Gene Expression

Copy number variation & being human

Gene Duplications Give Clues to Humanness:

All told, the researchers found more than 4000 genes that showed lineage-specific changes in copy number, with the numbers steadily increasing over evolutionary time. Humans, for example, only had 84 genes with increased copy numbers over those of our closet relatives. In contrast, lemurs, which have evolved for 60 million years, have 1180 genes with extra copies. “This is further evidence that genomic differences between humans and other primates is far, far more complex than we originally imagined they might be,” says Ajit Varki, who studies human/chimpanzee differences at the University of California, San Diego. “However, many of the differences may or may not be relevant for explaining ‘humanness.'”

We’ve talked about copy number variation before. Obviously dosage of gene products can be directly impacted by this. We’ve come a long way from non-synonymous base pair changes baby! Though please note that loss of function (fewer copies) might be just as important as gain of function (more copies).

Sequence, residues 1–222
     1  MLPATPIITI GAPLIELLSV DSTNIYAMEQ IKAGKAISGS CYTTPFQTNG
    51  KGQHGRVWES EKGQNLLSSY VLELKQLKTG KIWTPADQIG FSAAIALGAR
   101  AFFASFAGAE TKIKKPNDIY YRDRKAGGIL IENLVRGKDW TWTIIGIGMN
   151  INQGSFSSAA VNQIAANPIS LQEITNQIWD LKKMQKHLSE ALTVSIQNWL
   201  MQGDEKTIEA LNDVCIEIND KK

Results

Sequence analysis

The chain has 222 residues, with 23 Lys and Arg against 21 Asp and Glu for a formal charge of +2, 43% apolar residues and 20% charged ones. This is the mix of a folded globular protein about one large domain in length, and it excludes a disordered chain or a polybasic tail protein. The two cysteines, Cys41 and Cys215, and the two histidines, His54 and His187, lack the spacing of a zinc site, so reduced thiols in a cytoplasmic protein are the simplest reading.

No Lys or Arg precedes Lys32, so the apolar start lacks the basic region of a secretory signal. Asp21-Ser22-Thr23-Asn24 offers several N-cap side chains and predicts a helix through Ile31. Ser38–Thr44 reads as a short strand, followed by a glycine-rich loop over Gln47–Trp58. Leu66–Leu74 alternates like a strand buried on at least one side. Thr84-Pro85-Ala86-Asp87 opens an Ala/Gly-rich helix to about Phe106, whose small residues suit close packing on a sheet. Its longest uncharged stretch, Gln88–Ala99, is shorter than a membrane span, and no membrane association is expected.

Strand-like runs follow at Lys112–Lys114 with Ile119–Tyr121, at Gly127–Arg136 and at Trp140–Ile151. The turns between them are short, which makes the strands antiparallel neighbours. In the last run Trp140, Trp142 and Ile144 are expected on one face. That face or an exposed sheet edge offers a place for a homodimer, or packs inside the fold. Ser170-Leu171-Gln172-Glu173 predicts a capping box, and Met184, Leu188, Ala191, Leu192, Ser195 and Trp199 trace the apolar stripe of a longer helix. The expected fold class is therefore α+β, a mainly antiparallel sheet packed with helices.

1. #1 Matt McIntosh
    July 31, 2007

    Come to think of it, do we have any way of estimating of how rapidly adaptive loss of function tends to happen compared to gain of function once the fitness peak shifts? Intuitively it seems like the former would tend to happen faster than the latter all else equal, but it’d be nice to have some more rigorous reasoning (or better yet, data) to back that up. Time for another hunting expedition on google scholar…

  2. #2 Matt McIntosh
    August 1, 2007

    Some empirical paydirt in human genetics: Wang, Grus & Zhang (2006) found 80 human-specific instances of loss-of-function by pseudogenization. And we already knew that humans have undergone some loss of function in both olfactory and taste receptors. Lost oestrus too.

  3. #3 razib
    August 1, 2007

    i think we lost some muscle too.

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